KENNY SHEA/"LOU", "Tuesday" (2007)
All these years I've been talking about Janet, about how crazy she is and how illogical and nonsensical, and how she never ever is gonna be satisfied with everything...It turns out I was right. Yeah, but it's not just her. It's pretty much all women. That's what I...yeah, but the problem is, I was approaching it the wrong way, yeah. I was thinking about, you know, me and sex. By the way, the sex thing is the key... sex really has nothing to do with marriage. Tits, ass, sex... just throw that out the window. The key stuff is...listening. You gotta be able to listen and have long conversations that...that you remember. Um... hugging...hugging's a big one. Buying furniture. And what's the other one? Oh, spooning. Yeah.
TOMMY GAVIN, "Pussified" (2007)
Baseball and life, one and the same. Everybody says that life is too short. Bullshit. Life - unless you get cancer, hit by a bus, or set on fire - takes forever. Just like baseball. It's a series of long, mind-bogglingly boring stretches of time where absolutely nothing happens. So, you take a nap. Then, after a little while, when that crisp crack of the bat hitting the ball - so crisp you can almost smell the wood burning - jolts you awake and you open your eyes to see something so exciting and intricate and possibly very, very meaningful has just happened. But you missed it because you were just so...damn bored in the first place.
KENNY SHEA/"LOU", "Yaz" (2007)
Cancer is God's disease, it's His way of thinning out the herd. And it's cruel and mysterious. And no one's ever gonna figure it out, 'cause that's the way that God likes it.
FRANCO RIVERA, "Baptism" (2009)
People hear juicy gossip, they're gonna spread it around. This is a firehouse. You take away the rig, the gear and the testosterone, it's nothing but a...sorority in here.
CHIEF "NEEDLES" NELSON, "French" (2009)
You know how a lot of kids wanna be firemen when they get older? Well, I wanted to be a superhero. Even after I knew that they really didn't exist, I still wanted to be one because I wanted to fight the bad guys, you know?...What I'm tryin' to say is that I became a firefighter because of what the bad guys did on 9/11. And if you're tellin' me that there are other bad guys and that they're our leaders, our people, the people who are supposed to be watchin' out for everybody, that's too scary. I can't even think about that. I mean, I understand that there's evil in this world, but I just feel a lot better if it comes from some place that I don't call home.
MIKE SILLETTI, "Wine" (2009)
Do you know that feeling that you get when you just, like, so barely escape a car crash? You know, someone suddenly stops short or races in front of you at an intersection and you think to yourself for a second, like, right as you slam the brakes, like, "Oh. Oh! Okay, this might be it." You know? And all the air skips out of your lungs, and your heart feels like it's gonna explode with fright, and your skin sits up real tight on your bones, and there's this huge rush of breath and blood and... That shiver just shot, like, right through me, but not when the first building fell. It was during the second. I knew that Jimmy was gone during the second collapse. I stopped breathing. My eyes...I couldn't blink. My hands froze up like claws. And I thought to myself, "Oh, we're never going to finish the kitchen." You know, 'cause we were working on the kitchen, putting in new counters and cabinets and stuff. And as those first floors began to tumble down...I mean, like, I don't know, however long it took, like, eleven seconds, my whole life - my love, the way I wake up in the morning every day, the way I go to sleep every night - all of that just changed forever. Floor by floor, I just disappeared. When you lose that one person that you, you know, were meant to be with for the rest of your life so unexpectedly and so soon, I don't— It's like, you know, who can walk into your... Real love? It's just gone. Talk. Touch. Sex. And breakfast. It's funny, you know. I totally thought that I was going to just go fetal and curl up in a ball and...and cry. But I didn't. I made arrangements. I carried my husband's helmet to the funeral. I listened to the mayor and the chief and Tommy talk about my husband. I buried him. I held my son as he cried against my shoulder, and I tucked him in that way every night for months. And then I went fetal for five years. Among many other things, I...I completely zeroed in on Tommy because he was the closest thing that I could find on this entire earth to replace Jimmy. I cursed Tommy. I slept with Tommy. I blamed Tommy. I made Tommy breakfast. Tommy finished my kitchen. I know that Tommy is haunted by Jimmy's death, literally. And I...I think that sometimes Tommy wishes that Jimmy had lived, and that he had died in Jimmy's place. And so do I.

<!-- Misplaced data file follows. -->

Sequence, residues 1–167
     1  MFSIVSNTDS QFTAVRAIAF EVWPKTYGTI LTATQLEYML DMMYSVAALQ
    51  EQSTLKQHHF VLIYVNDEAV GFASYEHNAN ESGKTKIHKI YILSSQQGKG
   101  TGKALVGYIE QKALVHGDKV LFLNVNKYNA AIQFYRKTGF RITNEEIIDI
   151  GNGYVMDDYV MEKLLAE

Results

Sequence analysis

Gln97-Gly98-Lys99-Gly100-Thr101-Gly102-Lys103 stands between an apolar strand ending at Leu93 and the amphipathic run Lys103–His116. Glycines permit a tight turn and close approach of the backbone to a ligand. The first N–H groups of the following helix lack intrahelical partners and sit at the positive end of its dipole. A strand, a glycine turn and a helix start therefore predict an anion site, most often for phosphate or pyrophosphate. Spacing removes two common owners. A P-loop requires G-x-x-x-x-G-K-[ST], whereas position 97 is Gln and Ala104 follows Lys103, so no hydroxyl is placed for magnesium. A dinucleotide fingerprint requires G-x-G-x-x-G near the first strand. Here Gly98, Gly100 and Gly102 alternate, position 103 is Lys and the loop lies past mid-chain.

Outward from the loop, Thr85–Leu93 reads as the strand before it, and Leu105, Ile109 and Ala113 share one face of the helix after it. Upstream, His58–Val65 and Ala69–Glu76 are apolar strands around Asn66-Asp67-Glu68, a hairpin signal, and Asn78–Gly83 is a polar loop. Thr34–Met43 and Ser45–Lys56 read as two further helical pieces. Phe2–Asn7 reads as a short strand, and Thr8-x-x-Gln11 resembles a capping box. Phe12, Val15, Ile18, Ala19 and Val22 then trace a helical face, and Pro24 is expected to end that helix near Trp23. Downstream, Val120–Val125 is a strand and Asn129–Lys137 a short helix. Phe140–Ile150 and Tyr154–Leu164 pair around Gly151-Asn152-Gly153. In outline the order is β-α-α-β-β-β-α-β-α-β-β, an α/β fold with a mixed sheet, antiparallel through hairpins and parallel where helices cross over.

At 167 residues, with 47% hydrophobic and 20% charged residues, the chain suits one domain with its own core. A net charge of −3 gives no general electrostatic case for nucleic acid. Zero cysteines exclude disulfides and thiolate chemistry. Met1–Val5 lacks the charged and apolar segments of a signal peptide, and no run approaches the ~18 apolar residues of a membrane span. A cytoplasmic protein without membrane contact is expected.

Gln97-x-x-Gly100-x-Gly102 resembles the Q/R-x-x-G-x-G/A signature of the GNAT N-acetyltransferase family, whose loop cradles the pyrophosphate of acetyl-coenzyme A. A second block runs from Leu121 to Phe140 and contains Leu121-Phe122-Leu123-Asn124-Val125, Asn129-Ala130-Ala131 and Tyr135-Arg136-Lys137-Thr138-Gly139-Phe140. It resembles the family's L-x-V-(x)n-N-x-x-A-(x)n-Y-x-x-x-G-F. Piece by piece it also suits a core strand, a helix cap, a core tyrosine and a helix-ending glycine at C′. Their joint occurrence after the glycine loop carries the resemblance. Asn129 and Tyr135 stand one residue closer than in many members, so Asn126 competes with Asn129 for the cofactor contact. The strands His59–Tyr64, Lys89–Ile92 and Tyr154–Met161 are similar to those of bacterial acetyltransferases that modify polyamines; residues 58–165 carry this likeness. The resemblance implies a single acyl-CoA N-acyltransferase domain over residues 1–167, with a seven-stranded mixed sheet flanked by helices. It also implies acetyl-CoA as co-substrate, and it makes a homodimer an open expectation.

SHEILA KEEFE, "Sheila" (2009)
I got news for you, pal. You're already dead. And I am too. We're both walking dead men. We're zombies, Tom. Forget about 343. You add in all the other guys in all of the other houses, and all of the brain cells that we've killed, and all of the marriages that we've destroyed, all of the kids whose dads have that blank stare on their face for the past decade, and all of those zombies still riding around on their rigs for ten years, Tom...ten years, trying to fill in the holes inside them. 343? That number ain't even close. So, do what you got to do, Tom. Go downtown, bury yourself in that hole and make it official. Make it 344. Just for God sakes, just get it over with, Tom, so the rest of us can go back to leading our quiet little zombie lives.
KENNY SHEA/"LOU", "344" (2011)
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